Artificial intelligence is set to transform the legal sector, whether solicitors welcome it or not. The change will affect legal professionals at all levels, but in quite different ways. First, at the more senior level, AI offers opportunities for solicitors and their clients to become more innovative. It can indicate successful strategies and model policies based on huge data sets, giving objective analyses that challenge the status quo. Arguably, one of the greatest benefits of AI is that it should provide partners and their clients with greater confidence to find fresh ways to solve legal problems.
For experienced solicitors, AI is likely to act as an insightful assistant, processing data and reviewing documents. This makes tasks quicker, reducing costs for both law firm and client, as well as helping to avoid key pieces of information being overlooked. Watson-style systems also provide data-driven answers to questions, so advice is based less on a solicitor's personal perspective of the law.
For the foreseeable future, automation cannot recreate the ability of the human mind to compare and contrast multiple sets of information, so an experienced human overview of any results produced by a computer will still be required.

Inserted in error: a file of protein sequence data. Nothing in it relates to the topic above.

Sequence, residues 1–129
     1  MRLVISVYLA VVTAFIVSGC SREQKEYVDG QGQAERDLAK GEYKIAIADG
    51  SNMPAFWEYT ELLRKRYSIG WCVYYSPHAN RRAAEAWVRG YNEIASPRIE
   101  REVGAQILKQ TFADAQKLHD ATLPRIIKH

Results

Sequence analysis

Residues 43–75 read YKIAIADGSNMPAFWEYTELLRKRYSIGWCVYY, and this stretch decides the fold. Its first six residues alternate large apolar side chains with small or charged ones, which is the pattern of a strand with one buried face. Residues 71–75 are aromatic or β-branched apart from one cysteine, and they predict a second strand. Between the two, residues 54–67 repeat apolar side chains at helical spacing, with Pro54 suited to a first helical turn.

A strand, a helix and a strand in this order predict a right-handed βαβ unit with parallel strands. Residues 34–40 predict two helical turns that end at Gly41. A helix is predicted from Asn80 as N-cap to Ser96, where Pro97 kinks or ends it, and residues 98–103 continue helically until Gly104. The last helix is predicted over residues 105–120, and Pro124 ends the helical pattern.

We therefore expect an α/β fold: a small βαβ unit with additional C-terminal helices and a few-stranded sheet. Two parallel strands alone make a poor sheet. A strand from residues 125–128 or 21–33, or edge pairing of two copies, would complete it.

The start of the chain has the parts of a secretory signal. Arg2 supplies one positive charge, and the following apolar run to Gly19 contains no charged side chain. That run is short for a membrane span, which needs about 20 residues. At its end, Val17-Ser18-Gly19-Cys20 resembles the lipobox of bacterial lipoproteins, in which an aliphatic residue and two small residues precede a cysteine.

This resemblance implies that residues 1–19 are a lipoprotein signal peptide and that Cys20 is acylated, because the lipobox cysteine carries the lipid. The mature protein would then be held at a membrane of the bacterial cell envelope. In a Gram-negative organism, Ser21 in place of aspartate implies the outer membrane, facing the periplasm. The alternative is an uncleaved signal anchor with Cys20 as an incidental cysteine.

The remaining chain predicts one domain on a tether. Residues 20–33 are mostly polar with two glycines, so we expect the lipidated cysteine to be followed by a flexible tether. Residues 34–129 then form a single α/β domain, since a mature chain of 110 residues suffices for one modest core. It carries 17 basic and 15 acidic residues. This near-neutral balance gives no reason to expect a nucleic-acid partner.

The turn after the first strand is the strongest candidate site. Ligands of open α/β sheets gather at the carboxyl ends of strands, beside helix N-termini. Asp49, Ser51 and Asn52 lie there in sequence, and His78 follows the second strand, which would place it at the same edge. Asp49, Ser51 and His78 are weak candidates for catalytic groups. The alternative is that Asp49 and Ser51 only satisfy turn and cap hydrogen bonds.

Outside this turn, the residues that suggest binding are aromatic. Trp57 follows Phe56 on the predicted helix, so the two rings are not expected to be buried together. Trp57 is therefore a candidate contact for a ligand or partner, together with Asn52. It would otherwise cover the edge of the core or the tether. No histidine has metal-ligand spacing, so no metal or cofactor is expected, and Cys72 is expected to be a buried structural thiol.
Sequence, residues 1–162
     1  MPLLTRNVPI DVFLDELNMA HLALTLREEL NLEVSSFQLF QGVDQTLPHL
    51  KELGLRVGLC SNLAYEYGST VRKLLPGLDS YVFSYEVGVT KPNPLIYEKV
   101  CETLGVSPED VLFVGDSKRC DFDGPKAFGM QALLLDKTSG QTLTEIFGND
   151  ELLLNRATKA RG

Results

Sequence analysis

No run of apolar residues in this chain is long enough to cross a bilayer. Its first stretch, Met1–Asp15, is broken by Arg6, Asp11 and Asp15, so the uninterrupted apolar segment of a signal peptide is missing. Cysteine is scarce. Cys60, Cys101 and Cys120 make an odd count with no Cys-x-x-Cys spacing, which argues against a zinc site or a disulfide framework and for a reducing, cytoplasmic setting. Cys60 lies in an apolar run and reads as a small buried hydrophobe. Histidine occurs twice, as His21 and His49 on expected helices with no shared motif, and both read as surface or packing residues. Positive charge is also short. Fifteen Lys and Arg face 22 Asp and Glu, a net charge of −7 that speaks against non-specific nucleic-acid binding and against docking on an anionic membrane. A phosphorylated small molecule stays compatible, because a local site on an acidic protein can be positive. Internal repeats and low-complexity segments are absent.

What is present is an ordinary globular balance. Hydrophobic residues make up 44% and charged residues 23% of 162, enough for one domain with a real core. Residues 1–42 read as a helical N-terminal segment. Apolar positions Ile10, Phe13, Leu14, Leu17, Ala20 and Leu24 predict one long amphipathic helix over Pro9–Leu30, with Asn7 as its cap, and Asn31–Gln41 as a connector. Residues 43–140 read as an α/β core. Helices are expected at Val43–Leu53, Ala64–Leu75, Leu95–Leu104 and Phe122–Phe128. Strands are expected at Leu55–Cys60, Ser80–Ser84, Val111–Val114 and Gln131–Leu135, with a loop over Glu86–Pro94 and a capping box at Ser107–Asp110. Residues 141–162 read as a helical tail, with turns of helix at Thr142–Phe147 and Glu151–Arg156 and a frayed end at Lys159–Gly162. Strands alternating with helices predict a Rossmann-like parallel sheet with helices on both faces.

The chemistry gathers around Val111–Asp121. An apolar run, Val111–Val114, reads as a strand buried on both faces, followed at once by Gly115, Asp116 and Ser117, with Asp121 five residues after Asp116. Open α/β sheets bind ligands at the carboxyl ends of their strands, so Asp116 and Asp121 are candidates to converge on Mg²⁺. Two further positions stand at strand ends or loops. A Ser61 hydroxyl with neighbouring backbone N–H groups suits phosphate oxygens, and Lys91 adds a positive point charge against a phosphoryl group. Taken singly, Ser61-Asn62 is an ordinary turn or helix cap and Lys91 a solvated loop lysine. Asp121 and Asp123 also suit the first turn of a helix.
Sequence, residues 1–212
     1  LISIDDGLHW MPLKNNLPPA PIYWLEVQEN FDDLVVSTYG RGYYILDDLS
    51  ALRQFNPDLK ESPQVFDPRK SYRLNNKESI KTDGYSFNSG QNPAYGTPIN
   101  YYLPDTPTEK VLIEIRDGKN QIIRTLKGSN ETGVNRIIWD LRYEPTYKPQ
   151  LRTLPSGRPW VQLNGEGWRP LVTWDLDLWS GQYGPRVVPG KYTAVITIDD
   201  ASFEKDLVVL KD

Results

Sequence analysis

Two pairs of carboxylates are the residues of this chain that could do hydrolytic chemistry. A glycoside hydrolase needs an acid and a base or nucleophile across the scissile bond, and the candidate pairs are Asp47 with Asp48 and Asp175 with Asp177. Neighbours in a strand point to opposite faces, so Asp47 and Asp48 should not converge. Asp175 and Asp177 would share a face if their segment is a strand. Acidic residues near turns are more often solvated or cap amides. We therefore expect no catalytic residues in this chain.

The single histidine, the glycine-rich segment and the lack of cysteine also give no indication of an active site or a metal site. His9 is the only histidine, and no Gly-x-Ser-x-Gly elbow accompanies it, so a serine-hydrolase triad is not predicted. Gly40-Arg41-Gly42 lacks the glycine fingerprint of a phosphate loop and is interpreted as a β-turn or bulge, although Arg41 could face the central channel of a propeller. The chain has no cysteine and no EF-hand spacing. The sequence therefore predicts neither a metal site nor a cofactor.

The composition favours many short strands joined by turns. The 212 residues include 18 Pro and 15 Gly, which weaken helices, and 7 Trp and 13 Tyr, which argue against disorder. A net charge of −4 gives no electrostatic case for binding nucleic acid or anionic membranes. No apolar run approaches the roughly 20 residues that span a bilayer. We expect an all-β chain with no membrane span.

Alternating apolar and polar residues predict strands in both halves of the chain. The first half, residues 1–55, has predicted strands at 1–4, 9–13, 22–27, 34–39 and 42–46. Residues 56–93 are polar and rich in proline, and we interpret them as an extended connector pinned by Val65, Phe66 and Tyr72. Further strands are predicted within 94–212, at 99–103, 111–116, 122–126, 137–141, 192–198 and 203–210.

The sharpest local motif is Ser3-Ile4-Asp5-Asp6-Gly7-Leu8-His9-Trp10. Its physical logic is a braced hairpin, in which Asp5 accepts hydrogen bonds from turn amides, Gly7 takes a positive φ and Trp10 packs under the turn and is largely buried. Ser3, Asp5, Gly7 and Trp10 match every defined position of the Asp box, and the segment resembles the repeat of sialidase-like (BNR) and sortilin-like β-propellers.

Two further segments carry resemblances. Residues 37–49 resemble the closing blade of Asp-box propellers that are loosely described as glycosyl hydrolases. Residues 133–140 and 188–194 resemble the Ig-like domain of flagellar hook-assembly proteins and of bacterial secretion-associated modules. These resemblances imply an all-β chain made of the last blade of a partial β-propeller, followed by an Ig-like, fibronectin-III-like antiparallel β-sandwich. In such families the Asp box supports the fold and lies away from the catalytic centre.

AI may help solicitors take more objective approaches to determining prospects of success and the best legal strategies. The Lex machine has been developed by LexisNexis to forecast outcomes of a case going before a certain judge, analysing data about the judge's previous decisions and even the arguments that have proved successful in similar proceedings. By pointing the way to legal arguments that are most likely to win, this technology can save time and costs, in addition to improving chances of success.